• 54°C heating block
NOTE: All centrifugations, unless otherwise noted, are at maximum speed in a microcentrifuge (>20,000 × g).NOTE: Before setting up the bisulfite reactions, it is important that all chemicals used in the reaction—sodium hydroxide, hydroquinone, and sodium bisulfite—be prepared fresh just before use. The amounts given can be scaled to produce the amount needed.

Basic Protocol 2: Methylation‐Sensitive PCR

  Materials
  • HotStar Taq DNA polymerase kit (Qiagen), including:
    • 10× PCR buffer II, without MgCl 2
    • 25 mM MgCl 2
    • HotStar Taq DNA polymerase
  • 10 mM dNTPs ( appendix 2D)
  • PW/AS primer cocktail:
    • 1 pmol/µl methylated DNA–specific MF1 primers (5′‐TAAATAAGTACGTTTGCGCGGTC‐3′)
    • 1 pmol/µl methylated MR1 DNA–specific primers (5′‐AACCTTACCCGCTCCATCGCG‐3′)
    • 2 pmol/µl unmethylated DNA–specific PF2 primers (5′‐GTAGGTTGGTGTGTATGTTTAGGT‐3′)
    • 2 pmol/µl unmethylated DNA–specific PR2 primers (5′‐ACATCAAACATCTCCAACAACCA‐3′)
    • 1 pmol/µl unmodified DNA–specific SNRPNF primers (5′‐GGAGGGAGCTGGGACCCC‐3′)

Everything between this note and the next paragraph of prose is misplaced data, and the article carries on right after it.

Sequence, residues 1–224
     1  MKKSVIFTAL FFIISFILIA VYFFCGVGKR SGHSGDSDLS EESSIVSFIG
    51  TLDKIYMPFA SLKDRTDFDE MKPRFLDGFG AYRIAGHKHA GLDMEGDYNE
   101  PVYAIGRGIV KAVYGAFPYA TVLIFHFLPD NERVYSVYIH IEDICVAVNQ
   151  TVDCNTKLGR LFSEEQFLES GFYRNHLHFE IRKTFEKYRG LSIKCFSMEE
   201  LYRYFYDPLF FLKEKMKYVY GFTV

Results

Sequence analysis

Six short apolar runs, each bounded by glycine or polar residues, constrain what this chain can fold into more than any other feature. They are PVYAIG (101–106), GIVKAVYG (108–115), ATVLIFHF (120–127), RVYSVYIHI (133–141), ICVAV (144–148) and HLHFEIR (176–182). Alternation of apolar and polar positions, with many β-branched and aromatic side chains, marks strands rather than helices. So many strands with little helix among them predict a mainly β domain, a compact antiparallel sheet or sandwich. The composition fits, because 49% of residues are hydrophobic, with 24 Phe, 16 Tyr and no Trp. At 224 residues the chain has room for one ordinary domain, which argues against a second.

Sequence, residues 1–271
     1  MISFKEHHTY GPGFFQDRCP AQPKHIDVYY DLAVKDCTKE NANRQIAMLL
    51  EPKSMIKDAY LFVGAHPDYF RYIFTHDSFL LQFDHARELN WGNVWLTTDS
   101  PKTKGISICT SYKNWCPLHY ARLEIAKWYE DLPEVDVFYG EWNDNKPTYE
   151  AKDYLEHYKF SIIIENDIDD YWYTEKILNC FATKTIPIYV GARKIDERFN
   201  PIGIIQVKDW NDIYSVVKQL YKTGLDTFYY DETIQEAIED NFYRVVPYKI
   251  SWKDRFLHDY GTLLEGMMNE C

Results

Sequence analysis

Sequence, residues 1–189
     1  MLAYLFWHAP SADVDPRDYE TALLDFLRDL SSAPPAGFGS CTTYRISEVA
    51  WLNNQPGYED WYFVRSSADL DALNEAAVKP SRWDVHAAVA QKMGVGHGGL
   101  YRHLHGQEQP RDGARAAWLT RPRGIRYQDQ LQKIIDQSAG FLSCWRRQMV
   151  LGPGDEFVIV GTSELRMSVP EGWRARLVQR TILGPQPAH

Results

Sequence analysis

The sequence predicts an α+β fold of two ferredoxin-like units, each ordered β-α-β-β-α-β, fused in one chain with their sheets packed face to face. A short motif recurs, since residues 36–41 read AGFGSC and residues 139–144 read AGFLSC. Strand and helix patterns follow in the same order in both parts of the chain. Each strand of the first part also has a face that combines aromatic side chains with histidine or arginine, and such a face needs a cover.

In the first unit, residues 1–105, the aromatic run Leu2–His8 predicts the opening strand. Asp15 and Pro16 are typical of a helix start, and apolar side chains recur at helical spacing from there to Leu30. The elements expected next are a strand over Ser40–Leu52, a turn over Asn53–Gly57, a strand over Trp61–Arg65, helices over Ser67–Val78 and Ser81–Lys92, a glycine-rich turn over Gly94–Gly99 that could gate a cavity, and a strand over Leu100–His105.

• 1 pmol/µl unmodified DNA–specific SNRPNR primers (5′‐GAAGCCACCGGCACAGCT‐3′)
  • Distilled water, autoclaved
  • Sodium bisulfite–treated sample and control DNA ( protocol 1)
  • 3% (w/v) agarose gel
  • 100‐ to 300‐bp molecular size markers (e.g., Promega 100‐bp ladder)
  • Ethidium bromide
  • Thermal cycler and appropriate PCR tubes
  • UV transilluminator
  • Additional reagents and equipment for performing agarose gel electrophoresis (unit 2.7)

Basic Protocol 3: Quantitative Methylation‐Sensitive PCR (Q‐MSP)

  Materials
  • Control DNA from a normal individual (for preparation see, e.g., appendix 3B)
  • Sodium bisulfite–treated standard DNA ( protocol 1) from a cytogenetically identified duplication of the H19 region of 11p15 (if available)
  • Sodium bisulfite–treated sample and control DNA ( protocol 1)
  • 10× PCR buffer (Invitrogen)
  • 50 mM MgCl 2 (Invitrogen)
  • 1.25 mM dNTPs ( appendix 2D)
  • Amplification primers
    • CTCF6F (5′‐GTATAGTATATGGGTATTTTTGGAGG‐3′)
    • CTCF6R (5′‐CCCAATTAAAACRAACTCRAACTATAAT‐3′)
  • Dual‐labeled fluorescent probes with Black Hole Quencher 1 (BHQ1) added by supplier during synthesis
    • CTCF6M: 5′‐FAM‐AAGTGGTCGCGCGGCGGTAGTGTA‐BHQ1‐3′ (IDT)
    • CTCF6U: 5′‐HEX‐TGGAAGTGGTTGTGTGGTGGTAGTGTAGG‐BHQ1‐3′ (IDT)
  • 5 U/µl Platinum Taq DNA polymerase (Invitrogen)
  • Distilled water (autoclaved)
  • 8‐well strip cap tube
  • iQ5 iCycler thermal cycler with iQ5 software (BioRad)
  • Additional reagents and equipment for preparing sodium bisulfite–treated DNA ( protocol 1) and quantifying DNA by absorption spectroscopy ( appendix 3D)
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Figures

Videos

Literature Cited

Literature Cited